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Bosses are menacingly large, but once you understand their patterns, it’s all about skill and timing.

A similar issue some may have with the game is its actual length. The game ranges from 2-5 hours depending on how many Titans you decide to slay, how much trouble you have doing so, and how much you want to explore in the world. The game’s length is not a problem as long as its experience feels fulfilling within that time, and I believe Titan Souls accomplishes that. However, Acid Nerve did include incentives to replaying the game. A timer can be toggled to show how long your game has been, allowing speedrunners an easy tool for record keeping. Beating the game unlocks four mode toggles, which can be activated in any combination when starting a new game, as well as New Game+. The latter allows you to reenter the ruins and fight any of the Titans as many times as you choose, which is good for those who want to practice specific Titans without restarting the entire game. Hard Mode is very self-explanatory, kicking up the attack speed and patterns of the Titans to brutal difficulty. With Iron Mode turned on, one death will restart the entire game. No Roll Mode turns off the feature to roll and run, which makes the game physically impossible in my opinion because I’m horrible. Finally, Truth Mode translates all Titan language text in the game to English, allowing you to see the names and descriptions of the Titans. Those who are up for a challenge will truly enjoy what the game has to offer if you stick around for it.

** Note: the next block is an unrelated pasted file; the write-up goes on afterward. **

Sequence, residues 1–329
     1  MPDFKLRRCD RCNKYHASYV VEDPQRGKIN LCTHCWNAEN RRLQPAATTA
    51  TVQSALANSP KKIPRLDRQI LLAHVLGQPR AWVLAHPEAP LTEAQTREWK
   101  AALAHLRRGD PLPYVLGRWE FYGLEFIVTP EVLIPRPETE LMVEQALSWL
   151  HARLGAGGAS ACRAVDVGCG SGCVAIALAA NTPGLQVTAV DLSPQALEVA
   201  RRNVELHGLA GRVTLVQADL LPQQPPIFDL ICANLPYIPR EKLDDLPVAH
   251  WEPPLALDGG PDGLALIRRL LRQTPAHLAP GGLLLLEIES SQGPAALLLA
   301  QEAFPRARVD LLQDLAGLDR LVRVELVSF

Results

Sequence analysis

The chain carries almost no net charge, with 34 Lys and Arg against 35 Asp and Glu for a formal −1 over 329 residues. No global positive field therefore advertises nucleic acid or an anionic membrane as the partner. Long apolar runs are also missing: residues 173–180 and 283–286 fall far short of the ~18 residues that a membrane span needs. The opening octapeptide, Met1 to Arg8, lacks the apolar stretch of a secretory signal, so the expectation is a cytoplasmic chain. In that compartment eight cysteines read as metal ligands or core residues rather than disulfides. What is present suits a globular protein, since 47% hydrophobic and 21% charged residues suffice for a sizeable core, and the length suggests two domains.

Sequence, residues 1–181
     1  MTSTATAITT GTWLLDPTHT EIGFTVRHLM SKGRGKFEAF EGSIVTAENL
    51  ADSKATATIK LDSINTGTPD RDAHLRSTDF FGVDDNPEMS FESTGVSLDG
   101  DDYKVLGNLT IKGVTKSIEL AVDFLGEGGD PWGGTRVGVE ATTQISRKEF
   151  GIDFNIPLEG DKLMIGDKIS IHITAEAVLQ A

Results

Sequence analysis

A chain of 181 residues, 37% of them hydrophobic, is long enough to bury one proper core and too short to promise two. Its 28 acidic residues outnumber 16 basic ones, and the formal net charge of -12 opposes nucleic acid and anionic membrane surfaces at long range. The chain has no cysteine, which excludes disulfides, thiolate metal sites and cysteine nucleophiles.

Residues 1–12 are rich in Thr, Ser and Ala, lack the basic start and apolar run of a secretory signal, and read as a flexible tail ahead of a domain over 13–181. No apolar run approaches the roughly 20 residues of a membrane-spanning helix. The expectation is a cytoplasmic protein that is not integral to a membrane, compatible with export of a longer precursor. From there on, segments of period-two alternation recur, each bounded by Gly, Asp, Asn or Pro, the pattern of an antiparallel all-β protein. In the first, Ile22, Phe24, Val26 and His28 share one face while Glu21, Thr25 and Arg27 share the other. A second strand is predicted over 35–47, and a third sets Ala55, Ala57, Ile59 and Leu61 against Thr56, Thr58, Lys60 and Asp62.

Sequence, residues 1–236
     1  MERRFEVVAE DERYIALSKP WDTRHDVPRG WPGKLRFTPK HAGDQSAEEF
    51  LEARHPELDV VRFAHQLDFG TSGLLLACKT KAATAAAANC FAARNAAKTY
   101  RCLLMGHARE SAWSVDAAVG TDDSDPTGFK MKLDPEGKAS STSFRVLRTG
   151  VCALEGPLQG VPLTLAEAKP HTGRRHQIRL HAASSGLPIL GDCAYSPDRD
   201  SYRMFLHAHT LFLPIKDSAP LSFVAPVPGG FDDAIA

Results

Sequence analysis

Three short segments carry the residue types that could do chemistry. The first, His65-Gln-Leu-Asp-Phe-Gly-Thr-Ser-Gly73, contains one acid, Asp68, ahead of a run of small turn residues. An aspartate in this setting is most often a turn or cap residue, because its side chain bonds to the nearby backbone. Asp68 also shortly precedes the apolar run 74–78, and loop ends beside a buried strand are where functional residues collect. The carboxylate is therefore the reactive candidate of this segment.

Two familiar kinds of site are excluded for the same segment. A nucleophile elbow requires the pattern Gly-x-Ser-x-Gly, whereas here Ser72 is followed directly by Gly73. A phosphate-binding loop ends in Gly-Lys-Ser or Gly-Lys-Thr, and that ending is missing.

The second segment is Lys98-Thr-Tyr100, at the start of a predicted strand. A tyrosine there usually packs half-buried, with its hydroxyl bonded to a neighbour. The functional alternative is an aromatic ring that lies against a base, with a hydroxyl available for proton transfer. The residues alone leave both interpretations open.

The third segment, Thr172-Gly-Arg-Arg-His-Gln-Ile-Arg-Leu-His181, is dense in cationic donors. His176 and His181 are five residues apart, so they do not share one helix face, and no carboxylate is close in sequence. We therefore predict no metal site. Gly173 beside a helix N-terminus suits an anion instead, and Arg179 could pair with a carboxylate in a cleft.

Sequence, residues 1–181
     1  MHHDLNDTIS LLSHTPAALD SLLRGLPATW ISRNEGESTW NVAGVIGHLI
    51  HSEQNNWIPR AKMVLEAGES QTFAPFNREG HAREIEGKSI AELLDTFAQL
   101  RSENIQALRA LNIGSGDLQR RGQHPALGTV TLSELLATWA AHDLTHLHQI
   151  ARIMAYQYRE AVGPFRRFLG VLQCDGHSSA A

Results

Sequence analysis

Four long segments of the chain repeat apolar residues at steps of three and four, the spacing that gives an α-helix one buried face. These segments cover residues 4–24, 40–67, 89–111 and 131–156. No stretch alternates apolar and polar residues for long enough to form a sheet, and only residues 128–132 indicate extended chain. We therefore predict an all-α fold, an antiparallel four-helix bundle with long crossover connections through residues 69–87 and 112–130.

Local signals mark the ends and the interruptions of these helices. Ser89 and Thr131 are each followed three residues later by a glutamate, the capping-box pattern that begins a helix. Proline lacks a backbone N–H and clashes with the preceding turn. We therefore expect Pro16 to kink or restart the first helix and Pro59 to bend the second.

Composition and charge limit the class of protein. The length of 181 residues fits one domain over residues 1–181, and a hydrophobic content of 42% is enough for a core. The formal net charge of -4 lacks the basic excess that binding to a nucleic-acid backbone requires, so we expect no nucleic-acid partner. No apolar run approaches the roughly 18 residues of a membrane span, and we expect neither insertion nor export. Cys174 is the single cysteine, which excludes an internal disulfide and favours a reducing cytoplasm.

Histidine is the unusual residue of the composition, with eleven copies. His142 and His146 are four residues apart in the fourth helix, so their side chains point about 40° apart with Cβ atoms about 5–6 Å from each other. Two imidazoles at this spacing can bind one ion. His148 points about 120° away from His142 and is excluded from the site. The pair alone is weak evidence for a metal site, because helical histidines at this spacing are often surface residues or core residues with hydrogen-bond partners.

Titan Souls has been one of my most anticipated games of the year, and it delivered on every front. A beautifully empty environment to explore, an equally as brilliant soundtrack, difficult gameplay that remains addictive once the credits roll, and creative and truly epic boss battles leave a taste in my mouth that haven’t felt in a long time. Acid Nerve cut right to the chase when they made this game, no filler necessary, and it’s just what I needed. With a decent computer or a PS4 or Vita to play it on, I highly recommend picking this one up. With that said, I’m giving Titan Souls a rating of “adored it”.

Pros

  • Cute pixel art mixed with menacing 3D bosses creates a unique atmosphere and an interesting world
  • Gorgeous soundtrack
  • Difficult-yet-addictive gameplay that never gets infuriating
  • Modes to make the game harder

Cons

  • Very short, less than two dozen bosses in total
  • One playthrough is enough to learn all of the secrets, just becomes skill afterwards